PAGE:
The university was first established in northern Rwanda in 1978 to serve the Francophone constituency of the then Africa-Indian Ocean Division which included the French-speaking countries of western and central Africa, namely, Zaire, Rwanda, and Burundi, as well as Madagascar, Reunion, Mauritius, and the Seychelles Islands in the Indian Ocean. The university officially opened its doors on October 15, 1984.
UNADECA is a Seventh-day Adventist co-educational university located in Alajuela, Costa Rica. It exists to offer Christian university education to Central American youth and others who will then provide needed leadership and professional services to the Seventh-day Adventist Church and society in general.
Adventist University of Congo (previously Adventist University of West Congo), Kinshasa, the Democratic Republic of Congo (DRC) is located on the territory of the West Congo Union Mission in the East-Central Africa Division.
The Adventist University of Lukanga, known officially in French as L'Université Adventiste de Lukanga (UNILUK), is an institution of higher education in Butembo, Nord Kivu, the Democratic Republic of the Congo.
The Adventist University of West Africa (AUWA) is located in Schiefflin town, Robertsfield highway, Margibi county, Monrovia, Liberia.
Adventist Volunteer Service in the South American Division
Caiky Xavier Almeida|Renato Ferreira Silva
The Adventist Volunteer Service (AVS) is a program fostered by the Seventh-day Adventist Church to mobilize people to volunteer for the mission. In South America, this program is under the administrative responsibility of the South American Division (SAD). The AVS administrative office is located at the SAD headquarters in the city of Brasília, Brazil.
"Adventist Weekly News–Korea" (aka. Jaerim Shinmun) is a weekly newspaper run by Adventist-laymen Services and Industries (ASI) Korea. It was founded on November 5, 1997 to serve as a medium of communication between church members, pastors and institutional leaders of the Korean Adventist Church.
The mission carried by women in Kenya dates back to when the Adventist church was established in Kenya in 1906. Missionary women performed important ministerial work, which included educating the African women on contemporary aspects of living. They trained the African women on such important issues as home care, general hygiene, child care, home nursing, caregiving for the elderly, among others.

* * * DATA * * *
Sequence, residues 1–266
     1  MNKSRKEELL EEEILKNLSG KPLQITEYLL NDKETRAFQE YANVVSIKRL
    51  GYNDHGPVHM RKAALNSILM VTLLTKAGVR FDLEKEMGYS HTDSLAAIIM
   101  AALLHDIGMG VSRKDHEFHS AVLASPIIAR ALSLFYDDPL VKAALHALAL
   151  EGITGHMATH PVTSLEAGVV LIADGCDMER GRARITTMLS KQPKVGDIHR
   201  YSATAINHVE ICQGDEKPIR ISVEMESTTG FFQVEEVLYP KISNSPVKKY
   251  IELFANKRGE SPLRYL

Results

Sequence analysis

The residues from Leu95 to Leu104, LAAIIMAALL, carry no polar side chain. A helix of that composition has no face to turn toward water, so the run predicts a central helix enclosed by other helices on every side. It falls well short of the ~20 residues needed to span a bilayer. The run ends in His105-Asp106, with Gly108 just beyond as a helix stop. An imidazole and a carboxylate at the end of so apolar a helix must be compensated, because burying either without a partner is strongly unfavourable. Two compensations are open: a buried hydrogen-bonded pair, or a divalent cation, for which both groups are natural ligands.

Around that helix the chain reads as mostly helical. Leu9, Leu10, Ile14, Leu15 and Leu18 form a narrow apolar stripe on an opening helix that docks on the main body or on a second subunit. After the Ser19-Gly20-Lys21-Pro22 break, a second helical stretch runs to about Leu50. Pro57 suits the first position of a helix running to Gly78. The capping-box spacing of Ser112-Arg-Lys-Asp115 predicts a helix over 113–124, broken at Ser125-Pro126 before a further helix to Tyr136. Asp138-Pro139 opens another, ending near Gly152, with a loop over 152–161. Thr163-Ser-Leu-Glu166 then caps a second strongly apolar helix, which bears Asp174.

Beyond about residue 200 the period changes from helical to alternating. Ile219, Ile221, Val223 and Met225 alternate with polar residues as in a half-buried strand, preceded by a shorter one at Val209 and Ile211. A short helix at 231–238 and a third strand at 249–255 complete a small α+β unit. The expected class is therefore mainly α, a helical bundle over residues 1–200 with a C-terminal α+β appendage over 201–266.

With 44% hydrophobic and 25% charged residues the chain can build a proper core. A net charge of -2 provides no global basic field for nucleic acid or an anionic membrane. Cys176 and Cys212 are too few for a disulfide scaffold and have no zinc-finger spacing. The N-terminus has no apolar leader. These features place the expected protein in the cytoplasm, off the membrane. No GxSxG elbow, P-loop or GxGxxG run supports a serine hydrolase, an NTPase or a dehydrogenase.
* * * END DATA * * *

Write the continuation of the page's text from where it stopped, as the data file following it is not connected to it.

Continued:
Adventist World Radio entered Tanzania in 1997 when the political climate became favorable for private radio stations. The opportunity had been long awaited and Lameck Mwamukonda, then president of Tanzania Union Mission, spear-headed the establishment of an Adventist World Radio station in the country.
The Voice of Hope, known as Ashar Bani in the Bangla language, is produced in a studio that the Adventist World Radio had set up for the Bangladesh Union Mission on May 18, 1992. The first Bangla program by Pastor D. P. Rema was on the air on March 23, 1993.
Wherever the Adventist message has been preached in Tanzania, it has collided with African traditional practices. For Adventists, the Bible is the standard that guides their life practices of life, while traditional practices are the foundation of African life.
African Traditional Religion is the indigenous religion of the African people. It expresses the beliefs and practices that regulate the mentality and views of the African cosmology whose worldview locates an individual’s place in the wider universe. Further, it is the totality of the way people live life within the interaction of persons, events, objects, and natural phenomena.
Burials are cultural events with religious undertones among many tribes in Kenya, and traditions associated with these events present several issues for Adventist believers there.
Braid patterns and hairstyles are an indication of a person's tribe or community, age, and marital status in many African cultures. Some Christians question whether braiding is compatible with biblical Christian lifestyle.
Jita is a tribe located around Mount Masita in the eastern side of Lake Victoria in Tanzania. The name Jita was adopted based on the location of Mount Masita. The colonial governors from Germany could not pronounce Masita; instead, they called it Majita. They put in writing the word Majita, and therefore it became the name for these people. Since then the whole area is called Majita.
The Kuria Tribe is among the Bantu ethnic groups. Adventism reached the Kurians in 1912. The missionaries soon discovered that the best way to introduce the gospel was, initially, to establish schools and, later, health services.
Levirate marriage is still practiced among the various African tribes in including, in Tanzania, the Luo, Pare, Hehe, Sukuma tribes. The unique struggles of the Adventist Church in its endeavors to evangelize these groups is discussed in this article.
The Luo are a Nilotic ethnic group that is spread out in East and Central Africa. Most of them inhabit the shores and the environs of Lake Victoria in Kenya and Tanzania. Adventism among the Luo of Kenya is over a century old, tracing its roots to the missionary activities of Arthur Carscallen and Peter Nyambo, who arrived at Kendu Bay in the eastern shores of Lake Victoria in November 1906.
The Maasai people live in the southern part of Kenya and northern part of Tanzania in east Africa. It is estimated that one million Maasai people live in Kenya and Tanzania, although most Maasai doubt these numbers. Many Maasai see the national census as government meddling and often miscount their numbers to census takers. This tribe is well known for being strong in preserving its culture.